If Waltz's breezy nonchalance (a condensed version was published under the headline "Iranian nukes? No worries") strikes you as outlandish, you aren't alone. Daniel Pipes of the Middle East Forum calls it "the single most preposterous analysis by an allegedly serious strategist of the Iranian quest for a nuclear weapon." To the American Enterprise Institute's Gary Schmitt, a former staff director of the Senate Select Committee on Intelligence, it recalls Alfred E. Neuman's mantra: "What, me worry?" The notion that Israel's nuclear capability destabilizes the Middle East is almost self-refuting: Would a non-nuclear Israel be less vulnerable to attack -- or more so?

As for the calming effect of an Iranian bomb, that's hard to square with the Arab world's alarm at the prospect: "If Iran develops a nuclear weapon," Saudi Prince Turki al-Faisal has warned, "we will have to follow suit."

Yet the appeal of Waltz's view should not be underestimated, especially as the West approaches the ultimate red line -- the moment when Iran's nuclear facilities will be too far advanced to be taken out in a pre-emptive strike. Faced with the prospect of military action to stop an evil regime, there will always be those hungry for reassurance that everything will work out as long as we do nothing.

Waltz has been preaching his more-nukes-are-safer-nukes sermon for quite some time. "It's been proven without exception," he insisted in 2007, "that whoever gets nuclear weapons behaves with caution and moderation." As far back as 1981 he was arguing that "the measured spread of nuclear weapons is more to be welcomed than feared."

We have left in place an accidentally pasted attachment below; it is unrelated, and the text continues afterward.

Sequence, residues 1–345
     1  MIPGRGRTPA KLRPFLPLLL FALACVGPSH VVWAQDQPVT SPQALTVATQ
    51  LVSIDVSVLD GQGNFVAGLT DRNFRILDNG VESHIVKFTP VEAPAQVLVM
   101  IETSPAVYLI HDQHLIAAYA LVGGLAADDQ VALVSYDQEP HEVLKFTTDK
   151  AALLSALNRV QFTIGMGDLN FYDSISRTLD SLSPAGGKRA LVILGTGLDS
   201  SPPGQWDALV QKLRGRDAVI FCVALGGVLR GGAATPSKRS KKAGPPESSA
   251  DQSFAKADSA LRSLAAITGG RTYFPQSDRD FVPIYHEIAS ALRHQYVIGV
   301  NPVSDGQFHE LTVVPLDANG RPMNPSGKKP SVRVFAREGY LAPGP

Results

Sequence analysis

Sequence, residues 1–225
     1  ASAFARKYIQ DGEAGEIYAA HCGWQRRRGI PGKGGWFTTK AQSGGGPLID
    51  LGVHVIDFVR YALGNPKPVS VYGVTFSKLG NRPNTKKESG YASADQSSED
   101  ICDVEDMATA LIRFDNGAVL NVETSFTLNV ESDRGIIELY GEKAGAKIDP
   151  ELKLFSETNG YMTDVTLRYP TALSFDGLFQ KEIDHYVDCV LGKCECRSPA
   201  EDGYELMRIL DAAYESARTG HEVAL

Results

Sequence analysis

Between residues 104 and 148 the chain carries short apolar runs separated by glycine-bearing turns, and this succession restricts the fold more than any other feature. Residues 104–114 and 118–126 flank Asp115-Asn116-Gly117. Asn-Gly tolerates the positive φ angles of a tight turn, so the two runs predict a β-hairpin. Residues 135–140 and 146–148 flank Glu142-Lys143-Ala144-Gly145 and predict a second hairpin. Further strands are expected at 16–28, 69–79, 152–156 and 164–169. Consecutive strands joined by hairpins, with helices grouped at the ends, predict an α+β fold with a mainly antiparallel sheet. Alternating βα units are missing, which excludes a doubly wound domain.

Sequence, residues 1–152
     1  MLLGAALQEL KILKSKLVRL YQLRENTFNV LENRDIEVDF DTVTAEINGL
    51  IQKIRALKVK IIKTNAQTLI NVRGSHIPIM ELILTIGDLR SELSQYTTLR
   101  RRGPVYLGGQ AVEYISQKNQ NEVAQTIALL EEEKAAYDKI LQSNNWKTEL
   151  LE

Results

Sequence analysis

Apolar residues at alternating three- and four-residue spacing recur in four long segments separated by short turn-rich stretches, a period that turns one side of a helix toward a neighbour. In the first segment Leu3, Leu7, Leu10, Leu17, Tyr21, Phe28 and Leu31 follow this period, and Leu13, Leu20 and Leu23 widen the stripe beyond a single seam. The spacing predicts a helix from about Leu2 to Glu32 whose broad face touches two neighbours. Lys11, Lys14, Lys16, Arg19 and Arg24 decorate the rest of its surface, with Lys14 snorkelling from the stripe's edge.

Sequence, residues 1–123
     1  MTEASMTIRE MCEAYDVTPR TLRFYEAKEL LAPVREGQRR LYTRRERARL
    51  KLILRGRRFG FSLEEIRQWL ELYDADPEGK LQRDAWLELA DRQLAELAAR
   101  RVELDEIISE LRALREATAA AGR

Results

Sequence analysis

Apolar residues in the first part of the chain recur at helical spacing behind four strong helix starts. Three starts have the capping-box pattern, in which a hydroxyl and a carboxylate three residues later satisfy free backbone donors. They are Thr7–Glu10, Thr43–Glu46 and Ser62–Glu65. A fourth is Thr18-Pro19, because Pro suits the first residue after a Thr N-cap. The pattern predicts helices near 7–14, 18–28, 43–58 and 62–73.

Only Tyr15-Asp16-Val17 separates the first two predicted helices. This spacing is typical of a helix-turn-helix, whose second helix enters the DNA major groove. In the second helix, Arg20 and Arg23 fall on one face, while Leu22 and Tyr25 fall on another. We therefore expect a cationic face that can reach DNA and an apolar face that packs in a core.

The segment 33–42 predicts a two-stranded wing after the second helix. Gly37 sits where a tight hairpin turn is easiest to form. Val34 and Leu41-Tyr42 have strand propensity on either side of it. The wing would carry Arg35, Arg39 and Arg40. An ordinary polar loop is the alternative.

But Iran is not like Russia, India, China, or the other existing members of the nuclear club. Time and again Iran has called explicitly for the extermination of Israel, while making clear that it sees nuclear weapons as a practical means to that end. "The use of even one nuclear bomb inside Israel will destroy everything," Iranian president Hashemi Rafsanjani baldly explained in 2001. "However, it will only harm the Islamic world. It is not irrational to contemplate such an eventuality." Tehran still contemplates it. Just weeks ago, a news release from Iran's FARS News Agency was headlined: "Top Commander Reiterates Iran's Commitment to Full Annihilation of Israel."

Let a regime that hungers for apocalypse and genocide get the bomb? Welcome it? Even Dr. Strangelove wouldn't go that far.

Every weekday JewishWorldReview.com publishes what many in the media and Washington consider "must-reading". Sign up for the daily JWR update. It's free. Just click here.

Jeff Jacoby is a Boston Globe columnist. Comment by clicking here.

Jeff Jacoby Archives

© 2010, Boston Globe

Columnists

Toons

Lifestyles